In the winter of 1996-1997, I was at a party in San Francisco's Inner Richmond neighborhood, and I ended up talking to Paulina Borsook, a brilliant writer who was getting a lot of heat over the piece she published in Mother Jones, "Cyberselfish," which postulated that the dot-commies who had flooded the area were a bunch of libertarian jerks. This quote stuck with me at the time:
I routinely attend parties peopled by digerati in their 20s and early 30s who, in addition to their desirable arrogance of youth, have a frightening invulnerability (their skills in demand, the likelihood of cashing out high).
Mostly because at the time, I was attending the same parties with the same type of people.
Then the piece segued into how people who were talented and educated couldn't find jobs and were getting pushed out of their home, all because their talents and educations were not in demand. It seemed mad, Borsook argued, to value only one set of skills, and to see people in binary terms -- tech or non.
Borsook's work stuck with me because it was a pleasantly astringent antidote to a lot of what was swirling around my world at the time, and because it presaged Laurel Wellman's long, brilliant run as the chronicler of insulated dot-com idiocy via the SF Weekly.
And then came the turn of the century, things went pop, people started writing pieces about being wrecked by the dot-com bubble, life went on, we got another tech-fueled boom.
With another boom come more pieces on how, once again, San Franciscans are getting pushed out of the city by arriviste techie jerks with money. David Talbot, who once helmed Boom 1.0 flagship publication Salon, wrote a piece last fall asking. "How Much Tech Can One City Take?" The premise:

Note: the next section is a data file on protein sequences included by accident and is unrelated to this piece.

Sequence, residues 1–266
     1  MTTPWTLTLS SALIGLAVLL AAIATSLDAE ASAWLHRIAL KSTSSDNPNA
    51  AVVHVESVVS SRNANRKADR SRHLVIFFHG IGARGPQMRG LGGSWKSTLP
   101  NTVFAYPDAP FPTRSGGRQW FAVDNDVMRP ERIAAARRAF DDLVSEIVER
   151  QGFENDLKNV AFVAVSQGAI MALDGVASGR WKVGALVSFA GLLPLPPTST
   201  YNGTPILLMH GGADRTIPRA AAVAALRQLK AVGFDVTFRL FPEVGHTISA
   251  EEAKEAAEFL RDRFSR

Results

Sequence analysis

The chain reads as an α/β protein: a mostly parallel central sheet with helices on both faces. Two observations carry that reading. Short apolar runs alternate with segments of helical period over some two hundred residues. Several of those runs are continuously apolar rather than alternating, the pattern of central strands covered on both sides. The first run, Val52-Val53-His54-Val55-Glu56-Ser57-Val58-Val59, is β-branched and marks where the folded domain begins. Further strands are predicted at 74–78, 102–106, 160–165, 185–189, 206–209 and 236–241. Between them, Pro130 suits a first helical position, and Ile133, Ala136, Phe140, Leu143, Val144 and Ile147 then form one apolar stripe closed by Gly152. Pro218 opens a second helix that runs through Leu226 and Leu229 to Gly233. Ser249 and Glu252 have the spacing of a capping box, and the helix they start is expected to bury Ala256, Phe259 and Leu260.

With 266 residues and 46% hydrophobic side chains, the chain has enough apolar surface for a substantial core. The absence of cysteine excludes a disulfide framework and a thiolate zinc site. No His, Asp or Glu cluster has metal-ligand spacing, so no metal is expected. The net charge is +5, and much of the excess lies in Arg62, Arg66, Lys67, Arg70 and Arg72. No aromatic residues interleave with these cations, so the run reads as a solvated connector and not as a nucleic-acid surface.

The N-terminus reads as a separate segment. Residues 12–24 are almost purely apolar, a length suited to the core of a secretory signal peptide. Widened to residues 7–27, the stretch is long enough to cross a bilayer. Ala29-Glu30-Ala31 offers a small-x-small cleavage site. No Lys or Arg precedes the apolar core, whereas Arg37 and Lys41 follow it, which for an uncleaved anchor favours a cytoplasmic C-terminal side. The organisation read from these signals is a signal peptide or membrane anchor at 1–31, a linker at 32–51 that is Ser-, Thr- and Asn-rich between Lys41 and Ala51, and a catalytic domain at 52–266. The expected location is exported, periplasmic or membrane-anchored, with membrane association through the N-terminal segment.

The unique urban features that have made San Francisco so appealing to a new generation of digital workers—its artistic ferment, its social diversity, its trailblazing progressive consciousness—are deteriorating, driven out of the city by the tech boom itself, and the rising real estate prices that go with it.
And this is echoed in the recent London Review of Books essay by Rebecca Solnit:
All this is changing the character of what was once a great city of refuge for dissidents, queers, pacifists and experimentalists. Like so many cities that flourished in the post-industrial era, it has become increasingly unaffordable over the past quarter-century, but still has a host of writers, artists, activists, environmentalists, eccentrics and others who don’t work sixty-hour weeks for corporations– though we may be a relic population.
Some writers say they'll hang on in a city that they love even as it gets harder, per Kirk Hamilton, who writes:
I wish San Francisco could live up to its funky, romantic, Tales of the City image more often. Solnit’s version, the “city that poets can’t afford,” is the one we’ve got at the moment. I’ll likely feel forever stuck between those two San Franciscos: One that might never have existed, and one that does, but of which I’ll never quite be a part.
And some of us leave.
I used to live in San Francisco, because that's what you did when you were in your 20s and working on the World Wide Web in the 1990s. I had the odd only-in-San-Francisco moment, but I had far more always-in-San-Francisco moments, many of them involving the N-Judah or overpriced food around South Park or homeless people voiding their bladders on my shoes or my front stoop.
I could say that the tech boom drove me out -- after all, when my housing situation changed, I didn't want to compete with hundreds of people for a wee studio apartment at $1100/mo rent. But honestly, I reached a point where I thought, There is no reason why my daily life should be this expensive, aggravating and inconvenient. And that thought wouldn't go away.
So I crossed the Bay, and I've been in the 510 for 14 years, ex- a two-year stint in Los Angeles. I love it over here. And all the things I thought were exclusive to San Francisco -- the artistic scene, the social diversity, the activist ethos -- are here, in glorious and accessible abundance.
During the dot-com days, I'd sometimes flee my desk and go sit alone in Levi Plaza until I could stand the prospect of staring at code again. I'd think about how Levi made his money -- not by the Gold Rush, but by being Gold Rush-adjacent.
Maybe that's the real magic in San Francisco -- that the same promise it embodies pushes people out to adjacent opportunities, ones that flourish and grow elsewhere. You can thrive in San Francisco -- but I'd sure love to see the besieged creative class entertain the radical idea that you -- and your new community -- can thrive outside it too.